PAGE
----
Works and Days

Alternative Mental Health Care, India: Savanah Walseth, Winter Fellowship for International Travel 2015

Savanah Walseth, junior Sociology major and recipient of the Winter Fellowship for International Travel, reflects on her time in India, exploring alternative models of mental health care.

My trip to India was a series of dichotomies. Anxiety about traveling to a country alone; pure joy in discovering things that only I would have found. Seeing some of the most fabulous beaches and most expensive buildings in the world; visiting the largest slum in Asia. Exhaustion from constant conversations about money and worry about theft; witnessing immense kindness from complete strangers. I was there to study mental health in the country and while I did this, I also learned a lot about my own. 

I think the only way to sum up my trip is to take it one city at a time and share the lessons learn and a few tidbits about the people I met and things I saw.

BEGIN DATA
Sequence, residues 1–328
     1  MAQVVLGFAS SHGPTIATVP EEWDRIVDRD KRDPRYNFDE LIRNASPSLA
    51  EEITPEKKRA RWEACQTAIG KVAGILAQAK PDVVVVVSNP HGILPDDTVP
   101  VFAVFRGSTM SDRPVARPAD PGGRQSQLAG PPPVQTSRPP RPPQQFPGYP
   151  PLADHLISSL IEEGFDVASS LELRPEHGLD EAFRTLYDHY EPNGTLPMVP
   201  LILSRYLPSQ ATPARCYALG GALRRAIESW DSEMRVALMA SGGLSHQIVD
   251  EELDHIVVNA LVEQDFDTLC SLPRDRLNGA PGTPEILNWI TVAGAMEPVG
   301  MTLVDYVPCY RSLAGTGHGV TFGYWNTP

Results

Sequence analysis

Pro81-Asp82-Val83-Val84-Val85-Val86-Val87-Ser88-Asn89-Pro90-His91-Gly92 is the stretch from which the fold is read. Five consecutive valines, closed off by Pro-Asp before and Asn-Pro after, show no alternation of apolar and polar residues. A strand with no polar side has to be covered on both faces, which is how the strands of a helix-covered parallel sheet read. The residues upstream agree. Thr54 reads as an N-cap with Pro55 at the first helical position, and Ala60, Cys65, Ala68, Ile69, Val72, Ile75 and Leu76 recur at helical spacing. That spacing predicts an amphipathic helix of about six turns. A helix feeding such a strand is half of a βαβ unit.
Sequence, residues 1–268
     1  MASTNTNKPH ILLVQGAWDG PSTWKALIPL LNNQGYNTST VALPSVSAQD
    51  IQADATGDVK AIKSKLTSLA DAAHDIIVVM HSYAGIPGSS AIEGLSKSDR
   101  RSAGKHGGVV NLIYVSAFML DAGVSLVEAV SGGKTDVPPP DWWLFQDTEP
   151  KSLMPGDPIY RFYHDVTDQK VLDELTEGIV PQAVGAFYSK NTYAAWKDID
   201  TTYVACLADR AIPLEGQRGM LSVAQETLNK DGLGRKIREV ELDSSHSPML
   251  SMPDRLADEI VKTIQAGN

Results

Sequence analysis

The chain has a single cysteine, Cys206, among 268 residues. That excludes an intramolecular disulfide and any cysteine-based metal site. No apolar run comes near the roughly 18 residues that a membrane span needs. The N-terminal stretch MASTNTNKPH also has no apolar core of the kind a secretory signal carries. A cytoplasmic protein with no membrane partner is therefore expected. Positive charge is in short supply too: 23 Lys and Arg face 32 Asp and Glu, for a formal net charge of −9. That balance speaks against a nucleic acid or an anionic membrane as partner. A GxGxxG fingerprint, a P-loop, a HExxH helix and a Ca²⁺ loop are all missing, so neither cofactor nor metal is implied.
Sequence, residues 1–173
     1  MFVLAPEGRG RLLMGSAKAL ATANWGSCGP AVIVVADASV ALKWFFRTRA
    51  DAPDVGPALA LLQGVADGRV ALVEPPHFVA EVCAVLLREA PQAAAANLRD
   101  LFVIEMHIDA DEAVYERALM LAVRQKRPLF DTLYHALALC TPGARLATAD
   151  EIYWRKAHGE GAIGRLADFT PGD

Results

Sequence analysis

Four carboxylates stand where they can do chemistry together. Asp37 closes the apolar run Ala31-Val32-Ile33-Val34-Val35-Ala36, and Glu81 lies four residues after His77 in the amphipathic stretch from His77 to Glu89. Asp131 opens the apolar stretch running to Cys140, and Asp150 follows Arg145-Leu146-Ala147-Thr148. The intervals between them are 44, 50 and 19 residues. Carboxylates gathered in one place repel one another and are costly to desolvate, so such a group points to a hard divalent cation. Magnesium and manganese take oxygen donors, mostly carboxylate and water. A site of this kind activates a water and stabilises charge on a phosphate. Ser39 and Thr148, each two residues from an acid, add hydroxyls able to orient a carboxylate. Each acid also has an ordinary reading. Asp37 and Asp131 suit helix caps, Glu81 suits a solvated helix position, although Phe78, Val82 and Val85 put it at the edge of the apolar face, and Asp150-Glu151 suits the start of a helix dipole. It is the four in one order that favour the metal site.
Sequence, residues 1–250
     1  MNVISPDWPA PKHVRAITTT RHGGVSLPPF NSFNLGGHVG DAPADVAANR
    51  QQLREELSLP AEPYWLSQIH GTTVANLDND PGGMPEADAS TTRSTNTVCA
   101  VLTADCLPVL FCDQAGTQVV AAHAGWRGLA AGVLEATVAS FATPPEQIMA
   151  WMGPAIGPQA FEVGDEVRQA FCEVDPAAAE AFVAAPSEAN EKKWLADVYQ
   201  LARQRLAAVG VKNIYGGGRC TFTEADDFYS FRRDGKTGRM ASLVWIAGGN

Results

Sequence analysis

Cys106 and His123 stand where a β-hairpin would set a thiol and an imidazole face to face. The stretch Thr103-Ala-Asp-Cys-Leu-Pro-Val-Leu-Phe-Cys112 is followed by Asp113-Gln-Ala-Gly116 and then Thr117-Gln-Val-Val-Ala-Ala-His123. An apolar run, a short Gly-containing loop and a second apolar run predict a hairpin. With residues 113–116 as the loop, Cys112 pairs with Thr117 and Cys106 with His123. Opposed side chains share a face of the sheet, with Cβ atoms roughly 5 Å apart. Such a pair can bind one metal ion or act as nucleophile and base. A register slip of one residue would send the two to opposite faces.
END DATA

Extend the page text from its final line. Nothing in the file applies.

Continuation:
A city of tradition and culture. Religion of one kind or another surfacing around every corner. A place that weeks earlier had experienced a terrible monsoon, but had risen up with incredible resilience. I learned to haggle and bargain, fight with auto rickshaws and learned to get lost in Chennai. I witnessed the grand celebration of New Year’s Eve and Day where the whole city cheered in joy. I went to the opening ceremony of the Madras Dance Academy’s annual festival where I saw traditional dances such as the Bharatanatyamand the dance drama Kalakshetra performed live. Dance and music are so much more than entertainment in Chennai—they are a way of life, a way of health, and a way of connection. In this city of tradition, I learned that tight social bonds, rituals and traditions are the way that the community stays mentally healthy amidst the chaos that surrounds them.